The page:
Accelerated Learning: Remembering People’s Names and More

First impressions are just that. There is no second chance. Remembering names and an even greater volume of information allows someone to stand out in today’s highly competitive workplace and global marketplace. There are accelerated learning strategies that, when applied consistently, will make the difference.

Retention of names is something many of us have said, at one time or another, we would like to master. This can be achieved as an experiential learning process. “Experiential” is being able to relate to or experience the result of an experience, which accelerates adult learning. Much of what this post introduces is credited to the work of David Kolb, credited as the father of modern experiential learning.

Making this process fun and meaningful makes all the difference in the world. Consider the power remembering someone’s name can have. How do you feel when a person you barely know remembers your name?  Most of us are initially caught off guard. Then, after the smoke clears, we are often impressed and are left with an impression that this person cares. Psychologically, we are connecting the dots and may tend to make them mean we left an impression on him/her – “This person cares because they remember me.”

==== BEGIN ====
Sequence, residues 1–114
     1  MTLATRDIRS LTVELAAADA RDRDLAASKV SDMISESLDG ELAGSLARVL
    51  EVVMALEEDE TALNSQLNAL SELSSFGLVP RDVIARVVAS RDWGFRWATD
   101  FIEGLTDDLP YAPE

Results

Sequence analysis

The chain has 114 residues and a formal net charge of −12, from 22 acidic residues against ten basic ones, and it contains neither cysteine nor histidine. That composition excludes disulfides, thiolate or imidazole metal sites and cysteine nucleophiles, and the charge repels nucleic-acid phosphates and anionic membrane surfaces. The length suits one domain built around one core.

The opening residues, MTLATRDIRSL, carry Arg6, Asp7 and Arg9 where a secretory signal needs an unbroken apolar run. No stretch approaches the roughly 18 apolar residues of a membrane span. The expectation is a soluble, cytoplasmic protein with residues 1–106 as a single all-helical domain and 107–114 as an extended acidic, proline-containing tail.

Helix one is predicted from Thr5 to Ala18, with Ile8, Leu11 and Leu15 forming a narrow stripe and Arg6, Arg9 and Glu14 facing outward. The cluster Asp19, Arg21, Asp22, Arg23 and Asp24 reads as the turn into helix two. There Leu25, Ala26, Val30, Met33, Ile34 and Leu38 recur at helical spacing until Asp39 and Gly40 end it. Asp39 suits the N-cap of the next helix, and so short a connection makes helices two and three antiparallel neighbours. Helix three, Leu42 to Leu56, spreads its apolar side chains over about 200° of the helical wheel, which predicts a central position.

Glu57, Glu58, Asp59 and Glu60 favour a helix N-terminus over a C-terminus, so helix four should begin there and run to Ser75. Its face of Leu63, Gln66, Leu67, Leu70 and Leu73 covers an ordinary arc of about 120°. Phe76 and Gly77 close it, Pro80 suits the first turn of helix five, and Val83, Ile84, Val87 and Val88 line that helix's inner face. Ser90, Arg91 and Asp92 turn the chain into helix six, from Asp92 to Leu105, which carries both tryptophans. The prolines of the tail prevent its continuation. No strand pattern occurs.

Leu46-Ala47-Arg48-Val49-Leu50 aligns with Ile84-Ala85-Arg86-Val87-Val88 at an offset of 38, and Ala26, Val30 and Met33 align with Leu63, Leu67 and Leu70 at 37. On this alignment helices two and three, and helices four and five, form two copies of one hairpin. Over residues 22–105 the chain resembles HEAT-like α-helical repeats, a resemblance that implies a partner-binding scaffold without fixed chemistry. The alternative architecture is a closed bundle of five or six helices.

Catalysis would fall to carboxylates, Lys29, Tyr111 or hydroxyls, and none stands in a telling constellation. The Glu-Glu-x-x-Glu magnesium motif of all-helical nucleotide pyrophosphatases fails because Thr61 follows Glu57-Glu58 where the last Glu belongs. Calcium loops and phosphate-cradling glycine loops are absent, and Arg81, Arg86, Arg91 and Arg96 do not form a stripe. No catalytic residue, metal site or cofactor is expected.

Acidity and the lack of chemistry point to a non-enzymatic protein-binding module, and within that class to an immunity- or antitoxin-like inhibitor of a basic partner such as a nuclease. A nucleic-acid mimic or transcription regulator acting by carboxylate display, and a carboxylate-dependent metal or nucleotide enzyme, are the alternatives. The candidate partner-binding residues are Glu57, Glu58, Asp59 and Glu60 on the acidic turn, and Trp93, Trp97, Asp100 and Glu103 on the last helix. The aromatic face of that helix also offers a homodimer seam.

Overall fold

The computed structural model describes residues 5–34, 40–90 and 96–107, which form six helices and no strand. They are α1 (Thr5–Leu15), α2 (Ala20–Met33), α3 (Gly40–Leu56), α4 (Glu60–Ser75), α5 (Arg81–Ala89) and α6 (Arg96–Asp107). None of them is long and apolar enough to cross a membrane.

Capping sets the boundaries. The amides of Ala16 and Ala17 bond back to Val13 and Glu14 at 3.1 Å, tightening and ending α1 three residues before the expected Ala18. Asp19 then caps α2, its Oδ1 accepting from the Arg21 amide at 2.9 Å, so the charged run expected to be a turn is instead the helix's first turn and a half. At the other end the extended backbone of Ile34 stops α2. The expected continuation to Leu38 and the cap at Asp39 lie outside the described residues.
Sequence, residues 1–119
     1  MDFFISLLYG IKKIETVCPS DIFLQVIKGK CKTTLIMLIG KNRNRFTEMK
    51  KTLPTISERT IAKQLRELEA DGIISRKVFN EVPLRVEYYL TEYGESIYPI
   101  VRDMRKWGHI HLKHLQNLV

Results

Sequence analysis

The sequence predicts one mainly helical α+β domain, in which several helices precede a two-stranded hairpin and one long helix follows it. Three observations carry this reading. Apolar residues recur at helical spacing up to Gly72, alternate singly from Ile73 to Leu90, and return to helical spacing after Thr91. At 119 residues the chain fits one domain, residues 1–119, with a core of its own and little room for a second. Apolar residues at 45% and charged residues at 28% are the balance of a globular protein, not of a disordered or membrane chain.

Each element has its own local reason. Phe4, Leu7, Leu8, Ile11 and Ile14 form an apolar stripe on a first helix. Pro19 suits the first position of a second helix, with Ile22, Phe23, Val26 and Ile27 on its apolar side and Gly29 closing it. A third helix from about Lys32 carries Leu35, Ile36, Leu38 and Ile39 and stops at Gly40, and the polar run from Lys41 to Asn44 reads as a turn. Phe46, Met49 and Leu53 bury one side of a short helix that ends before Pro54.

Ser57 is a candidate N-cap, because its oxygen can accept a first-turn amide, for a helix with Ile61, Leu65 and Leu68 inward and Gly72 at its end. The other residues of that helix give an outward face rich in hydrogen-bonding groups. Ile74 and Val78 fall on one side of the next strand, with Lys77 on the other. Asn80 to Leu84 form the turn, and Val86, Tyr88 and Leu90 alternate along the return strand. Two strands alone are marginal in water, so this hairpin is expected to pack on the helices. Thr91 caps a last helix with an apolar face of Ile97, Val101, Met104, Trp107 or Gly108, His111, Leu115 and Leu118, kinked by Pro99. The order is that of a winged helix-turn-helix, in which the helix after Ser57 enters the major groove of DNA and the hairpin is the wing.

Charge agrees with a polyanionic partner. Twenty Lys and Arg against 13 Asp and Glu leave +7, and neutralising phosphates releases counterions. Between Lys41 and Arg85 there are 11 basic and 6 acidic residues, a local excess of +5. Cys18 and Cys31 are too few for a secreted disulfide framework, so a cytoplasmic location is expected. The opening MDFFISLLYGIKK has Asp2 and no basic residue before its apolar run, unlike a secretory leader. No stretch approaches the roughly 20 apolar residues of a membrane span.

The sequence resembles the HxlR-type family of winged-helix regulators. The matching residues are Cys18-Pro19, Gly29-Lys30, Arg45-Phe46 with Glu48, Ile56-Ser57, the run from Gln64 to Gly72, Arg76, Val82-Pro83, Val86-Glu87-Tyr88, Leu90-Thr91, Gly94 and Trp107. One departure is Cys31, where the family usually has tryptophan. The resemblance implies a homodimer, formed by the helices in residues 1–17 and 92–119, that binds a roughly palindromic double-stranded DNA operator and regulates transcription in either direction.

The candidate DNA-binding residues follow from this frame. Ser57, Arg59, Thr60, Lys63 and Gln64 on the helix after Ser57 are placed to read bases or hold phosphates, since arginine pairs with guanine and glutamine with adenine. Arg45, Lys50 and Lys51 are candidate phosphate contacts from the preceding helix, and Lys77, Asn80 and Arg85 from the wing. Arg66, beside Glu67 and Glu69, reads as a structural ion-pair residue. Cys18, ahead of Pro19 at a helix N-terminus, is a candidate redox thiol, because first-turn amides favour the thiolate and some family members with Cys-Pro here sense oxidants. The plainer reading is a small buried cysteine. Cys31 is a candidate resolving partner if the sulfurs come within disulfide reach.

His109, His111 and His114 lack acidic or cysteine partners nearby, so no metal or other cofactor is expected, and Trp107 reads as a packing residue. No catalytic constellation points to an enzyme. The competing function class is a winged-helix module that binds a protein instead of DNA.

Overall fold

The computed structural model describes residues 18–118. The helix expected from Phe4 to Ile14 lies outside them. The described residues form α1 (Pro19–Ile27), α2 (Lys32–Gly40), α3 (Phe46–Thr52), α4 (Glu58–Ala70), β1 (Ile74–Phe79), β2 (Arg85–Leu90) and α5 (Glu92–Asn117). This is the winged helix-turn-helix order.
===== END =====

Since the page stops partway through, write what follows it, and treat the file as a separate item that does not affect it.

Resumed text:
A few years ago I was consulting Avis Budget Group on a project. There is a greeter in San Jose that literally remembers everyone he greets. He has been there over 5 years and people return in awe of this gift and commitment he has. He remembers your name and something about your work. Wow! Is this a gift or skill that can be developed?

remembering-peoples-names-img01_thHere are a few proven tips that can help you improve your ability to remember names. Try them out. Let me know how they work out for you.

  1. Commit to Learning: Making a deep commitment to learning and retaining this information is where it begins. You are creating a new habit, and this begins with commitment and consistent effort. Making an emotional commitment to learning will send a message to your brain. You have got to care and understand the impact. This is a deliberate choice and effort on your part to be observant and honor people by remembering them and allowing them to leave an impression. 

This process is similar to the myth that says adults have a more difficult time learning a new language. If you tell yourself you are bad with names… then you are correct.